The Perversity of Child Sexual AbuseBook tickets
Jan Hepburn, Anne Manne, Frances Thomson-Salo
Why does it happen? How does it happen? What are the consequences? And why are abusers so often protected by those around them?
In this important day seminar, three experienced speakers will come together to discuss the implications of child sexual abuse.
The day will be of interest not only to clinicians working in the field but to survivors and concerned citizens.
Childhood Sexual Abuse (CSA), the dark side of the human condition, is widely known about and yet consistently disavowed in all cultures and levels of society. More recently, an awareness of the grave harm this has caused has received global publicity.
Survivors are stigmatised; while we know that some perpetrators have themselves suffered abuse, we also recognise that most survivors will not go on to offend or become perpetrators. The myth that most CSA victims will go on to offend themselves causes great harm to survivors, in addition to the abuse they suffered, adding to their reluctance to coming forward.
We know that a great number of mental health conditions in adulthood have CSA at their roots, and that shame and embarrassment, rather than belonging to the perpetrator, can be lodged in the victim; effectively silencing them. The Australian Royal Commission found, for example, that it can take an average of 33 years for a survivor to come forward. While the ubiquity of CSA and recent publicity has resulted in the start of a global discourse – much more needs to be done.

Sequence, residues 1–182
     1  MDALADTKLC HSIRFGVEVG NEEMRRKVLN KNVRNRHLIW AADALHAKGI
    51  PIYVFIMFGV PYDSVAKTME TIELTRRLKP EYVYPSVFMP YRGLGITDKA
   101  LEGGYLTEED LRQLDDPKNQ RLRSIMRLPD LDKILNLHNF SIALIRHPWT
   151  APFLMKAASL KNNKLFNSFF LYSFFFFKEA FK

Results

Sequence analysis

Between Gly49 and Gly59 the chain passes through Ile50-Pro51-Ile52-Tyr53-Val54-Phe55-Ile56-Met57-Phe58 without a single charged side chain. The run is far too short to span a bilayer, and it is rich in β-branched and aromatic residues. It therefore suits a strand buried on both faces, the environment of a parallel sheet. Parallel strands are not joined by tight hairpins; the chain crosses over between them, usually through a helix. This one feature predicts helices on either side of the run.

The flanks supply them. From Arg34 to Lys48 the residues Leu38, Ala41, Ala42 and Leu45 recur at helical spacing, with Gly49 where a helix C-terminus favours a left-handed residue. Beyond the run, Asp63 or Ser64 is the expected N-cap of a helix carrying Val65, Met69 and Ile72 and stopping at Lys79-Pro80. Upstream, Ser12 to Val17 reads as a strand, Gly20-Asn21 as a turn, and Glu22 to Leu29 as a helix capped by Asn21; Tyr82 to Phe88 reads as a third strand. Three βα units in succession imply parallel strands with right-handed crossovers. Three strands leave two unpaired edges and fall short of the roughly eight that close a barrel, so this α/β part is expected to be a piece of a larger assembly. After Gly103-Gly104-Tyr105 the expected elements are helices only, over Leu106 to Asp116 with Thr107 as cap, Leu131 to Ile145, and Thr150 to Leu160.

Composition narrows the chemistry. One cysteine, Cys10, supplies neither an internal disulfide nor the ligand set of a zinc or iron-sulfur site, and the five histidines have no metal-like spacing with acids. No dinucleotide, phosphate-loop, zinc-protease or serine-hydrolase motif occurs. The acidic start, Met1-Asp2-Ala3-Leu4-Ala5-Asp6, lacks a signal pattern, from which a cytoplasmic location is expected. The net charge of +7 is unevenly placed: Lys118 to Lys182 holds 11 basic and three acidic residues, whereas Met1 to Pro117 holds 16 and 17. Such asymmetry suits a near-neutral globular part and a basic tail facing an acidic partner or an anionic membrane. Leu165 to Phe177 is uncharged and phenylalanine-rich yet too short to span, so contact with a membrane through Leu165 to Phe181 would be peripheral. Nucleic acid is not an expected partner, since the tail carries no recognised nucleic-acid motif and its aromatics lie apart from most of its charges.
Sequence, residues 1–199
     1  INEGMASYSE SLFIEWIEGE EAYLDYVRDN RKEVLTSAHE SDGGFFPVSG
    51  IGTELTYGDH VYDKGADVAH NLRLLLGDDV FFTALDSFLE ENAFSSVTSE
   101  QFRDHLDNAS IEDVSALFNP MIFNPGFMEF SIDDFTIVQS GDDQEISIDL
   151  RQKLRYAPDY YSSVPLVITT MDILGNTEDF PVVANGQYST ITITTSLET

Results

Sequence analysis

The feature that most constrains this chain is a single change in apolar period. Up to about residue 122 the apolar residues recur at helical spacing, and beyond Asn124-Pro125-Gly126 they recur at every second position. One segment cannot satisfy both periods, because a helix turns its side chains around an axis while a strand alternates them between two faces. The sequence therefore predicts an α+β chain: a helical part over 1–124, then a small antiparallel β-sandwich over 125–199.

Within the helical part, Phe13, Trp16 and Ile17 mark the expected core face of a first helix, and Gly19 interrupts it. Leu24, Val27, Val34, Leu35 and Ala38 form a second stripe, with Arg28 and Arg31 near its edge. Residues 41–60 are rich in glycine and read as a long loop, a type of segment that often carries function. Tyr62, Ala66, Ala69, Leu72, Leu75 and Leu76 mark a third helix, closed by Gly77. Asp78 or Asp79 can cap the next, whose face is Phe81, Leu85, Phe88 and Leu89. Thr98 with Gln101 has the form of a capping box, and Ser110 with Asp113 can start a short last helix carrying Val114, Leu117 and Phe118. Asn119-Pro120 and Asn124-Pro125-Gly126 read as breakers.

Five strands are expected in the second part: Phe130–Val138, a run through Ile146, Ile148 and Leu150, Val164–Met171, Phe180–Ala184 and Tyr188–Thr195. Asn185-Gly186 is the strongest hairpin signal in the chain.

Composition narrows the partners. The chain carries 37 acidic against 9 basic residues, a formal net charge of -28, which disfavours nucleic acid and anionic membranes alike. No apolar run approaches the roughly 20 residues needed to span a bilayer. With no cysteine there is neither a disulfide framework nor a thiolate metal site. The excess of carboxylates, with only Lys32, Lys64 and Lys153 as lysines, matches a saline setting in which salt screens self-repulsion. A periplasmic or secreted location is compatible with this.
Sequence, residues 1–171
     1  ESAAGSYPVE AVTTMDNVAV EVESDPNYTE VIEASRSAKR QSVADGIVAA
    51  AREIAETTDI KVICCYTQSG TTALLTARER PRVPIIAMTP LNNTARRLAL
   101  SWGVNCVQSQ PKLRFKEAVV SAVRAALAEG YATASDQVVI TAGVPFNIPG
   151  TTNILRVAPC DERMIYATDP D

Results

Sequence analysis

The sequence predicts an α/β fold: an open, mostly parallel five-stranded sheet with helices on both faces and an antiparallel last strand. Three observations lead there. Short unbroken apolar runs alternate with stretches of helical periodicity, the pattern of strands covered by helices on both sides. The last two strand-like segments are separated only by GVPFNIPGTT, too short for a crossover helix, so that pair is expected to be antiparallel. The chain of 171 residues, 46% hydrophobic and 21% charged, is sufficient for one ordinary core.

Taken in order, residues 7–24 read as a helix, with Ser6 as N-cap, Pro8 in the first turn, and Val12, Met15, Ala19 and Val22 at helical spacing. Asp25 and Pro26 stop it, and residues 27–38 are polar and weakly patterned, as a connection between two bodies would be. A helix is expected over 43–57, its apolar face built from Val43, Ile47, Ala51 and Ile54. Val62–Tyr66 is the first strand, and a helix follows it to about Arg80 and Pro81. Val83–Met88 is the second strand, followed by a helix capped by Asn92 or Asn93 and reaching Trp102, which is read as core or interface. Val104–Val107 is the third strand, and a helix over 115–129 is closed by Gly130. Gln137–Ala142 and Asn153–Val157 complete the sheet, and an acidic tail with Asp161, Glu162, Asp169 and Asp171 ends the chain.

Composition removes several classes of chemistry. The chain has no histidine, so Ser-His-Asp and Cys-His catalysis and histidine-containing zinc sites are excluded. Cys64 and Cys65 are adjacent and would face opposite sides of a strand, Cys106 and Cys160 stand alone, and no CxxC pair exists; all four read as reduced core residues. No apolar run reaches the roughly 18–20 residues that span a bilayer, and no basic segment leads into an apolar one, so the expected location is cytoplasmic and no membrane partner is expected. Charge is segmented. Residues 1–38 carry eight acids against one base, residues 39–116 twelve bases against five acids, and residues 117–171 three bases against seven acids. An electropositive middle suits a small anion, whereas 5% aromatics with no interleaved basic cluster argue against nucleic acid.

• Using clinical material and a critical examination of psychoanalytic theory of human development, Jan McGregor Hepburn discusses the challenges of working with survivors of CSA. She evaluates therapeutic approaches that can be used when working with survivors and with perpetrators
• Anne Manne has written a ground-breaking new book, The Fighter: Power, Paedophilia and the Anglican Church. She has worked closely for several years with a courageous child sexual abuse survivor, Steve Smith, and embeds his extraordinary story in a larger one about the shocking paedophile network she has penetrated, which operated unimpeded in the NSW city of Newcastle for more than 50 years. Manne has done extensive interviews with other survivors and key witnesses to the Royal Commission into Institutional Responses to Child Sexual Abuse, and combed through an enormous amount of documentary evidence, exposing the church’s denialism and complicity in paedophilia. Anne Manne’s talk will especially focus on the link between what she has uncovered, and new research on the phenomenon of “Powerful Predators,” how highly regarded and high-status individuals groom not just the child and family, but the whole community. They manipulate people what to see, where to look, and what not to see, by creating an apparently unassailable reputation of being a helping, caring, good person. This results in the best protection a paedophile needs; the “Halo Effect,” or “Beyond Reproach Effect,” where people simply refuse to believe evidence of abuse in front of their eyes, enabling the Powerful Perpetrator to gain access to children and commit child sexual abuse.